The first phase of Mask assignment is defining the mask itself. The mask can be up to seven bits and can be applied to the SRC TCP port, DST TCP port, source IP address or DST IP address or a combination of the four attributes but may not exceed seven bits. Depending on the amount of bits selected different number of buckets are created and assigned to the different Steelhead appliances in the service group. As traffic traverses the router a bitwise AND operation is performed between the mask and the IP address/TCP port depending on the mask defined. The traffic is assigned to the different buckets based on the results of the AND operation.

Mask IP address/TCP port pairs are processed in an order they are received and in turn are compared to the seven bits.

RCSP Study Guide - WCCP Redirection

By default, all TCP traffic is redirected, optionally a redirect-list can be defined where only the contents of the redirect-list are redirected. A redirect-list in a WCCP configuration refers to an ACL that is configured on the router to select the traffic that will be redirected.
Traffic is redirected using one of the following schemes:

• GRE (Generic Routing Encapsulation)
Each data packet is encapsulated in a GRE packet with the Steelhead appliance IP address configured as the destination. This scheme is applicable to any network.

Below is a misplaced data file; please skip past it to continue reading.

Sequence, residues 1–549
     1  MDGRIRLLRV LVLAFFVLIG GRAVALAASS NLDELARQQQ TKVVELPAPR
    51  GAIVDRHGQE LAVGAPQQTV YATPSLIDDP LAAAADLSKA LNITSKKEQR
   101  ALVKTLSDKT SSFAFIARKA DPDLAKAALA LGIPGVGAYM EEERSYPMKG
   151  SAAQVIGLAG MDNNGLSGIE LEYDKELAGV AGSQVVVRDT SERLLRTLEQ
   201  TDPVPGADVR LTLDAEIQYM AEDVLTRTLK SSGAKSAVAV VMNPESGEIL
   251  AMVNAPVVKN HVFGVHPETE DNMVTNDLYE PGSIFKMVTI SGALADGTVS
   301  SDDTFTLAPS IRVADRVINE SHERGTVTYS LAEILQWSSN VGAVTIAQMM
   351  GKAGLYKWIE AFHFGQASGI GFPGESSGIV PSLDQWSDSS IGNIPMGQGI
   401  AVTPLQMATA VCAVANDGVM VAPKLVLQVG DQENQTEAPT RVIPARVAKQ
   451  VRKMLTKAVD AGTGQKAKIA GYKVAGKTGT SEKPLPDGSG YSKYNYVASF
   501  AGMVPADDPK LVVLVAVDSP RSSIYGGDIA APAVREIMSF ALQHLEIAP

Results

• L2 (Layer 2)
Each packet MAC address is rewritten with a Steelhead appliance MAC address. This scheme is possible only if the Steelhead appliance is connected to a router at Layer 2.

The either value uses L2 first—if Layer 2 is not supported, GRE is used. This is the default setting.

RCSP Study Guide - WCCP Deployments

The WCCP protocol is a stateful language that the router and Steelhead appliance can use to redirect traffic to the Steelhead appliance in order for it to optimize. Several functions will have to be covered to make it stateful and scalable. Failover, load distribution, and negotiation of connection parameters will all have to be communicated throughout the cluster that the Steelhead appliance and router form upon successful negotiation. The protocol has four messages to encompass all of the above functions:

Sent by Steelhead appliances to announce themselves.

Sent by WCCP enabled routers to respond to announcements.

Sent by the designated Steelhead appliance to determine flow distribution.

Sent by router to check a Steelhead appliance after missed HERE_I_AM messages.